A University of Michigan School of Law Professor has released a paper explaining what he sees as another argument for law school value, and it has nothing to do with job statistics, earning potential, or how many years the actual education should take. It’s not that Sherman J. Clark doesn’t think those things are important, but he also argues that law school brings something even more crucial to the table, by helping students develop the ability to seek and bring meaning to their lives. The Wall Street Journal highlighted Clark’s view that law school teaches how to “think and to argue about how what we have said and done illuminates what we want or need and who we are, and, thus, to guide what we should do or decide.”
Clark does not think that this argument should be made in lieu of more typical discussions of value like those we listed above, but he thinks that it is one that is worthwhile in its own right: “wherever lies a rich and meaningful way of living, and whether it be manifold or one, we all should agree that it is worth seeking. And we should all agree that what increases our ability and willingness to look for it is of great value indeed.” This is definitely something to think about, in my opinion. As someone who did not pursue a career as a lawyer, I do feel that the training in how to think analytically that is the hallmark of legal education (which started for me, like most people, with the LSAT, as our admissions survey pointed out this week) has been invaluable in other academic, career-related, and everyday areas of life, not to mention providing a mental rigor to the pursuit of goals in a way that most people I know who don’t have a similar background can’t relate to. The tools of inquiry Clark brings up should be familiar to anyone who has attended law school– and they were actually the major reason my mother (an attorney) originally recommended law school to me; she would absolutely agree that there is inherent value in legal education.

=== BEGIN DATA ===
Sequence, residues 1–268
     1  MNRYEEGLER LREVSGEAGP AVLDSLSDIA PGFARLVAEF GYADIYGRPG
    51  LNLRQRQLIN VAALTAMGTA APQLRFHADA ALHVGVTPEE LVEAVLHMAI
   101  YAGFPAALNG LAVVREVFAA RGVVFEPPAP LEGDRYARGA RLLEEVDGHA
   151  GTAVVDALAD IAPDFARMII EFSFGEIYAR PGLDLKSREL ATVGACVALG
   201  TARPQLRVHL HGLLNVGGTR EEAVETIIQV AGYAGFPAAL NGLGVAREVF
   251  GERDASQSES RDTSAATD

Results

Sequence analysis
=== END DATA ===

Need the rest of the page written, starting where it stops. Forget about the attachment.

Is law school for everyone? No, but there is a place for Clark’s argument in the more general conversation about law school value. It’s hard to assign exact worth to the kind of skill set that he is discussing, but non-monetary factors are relevant, even if they might not be the predominant factors in your choice about whether or not law school is for you. Definitely something to keep in mind– especially since we know that studying for the LSAT alone can actually make you smarter:)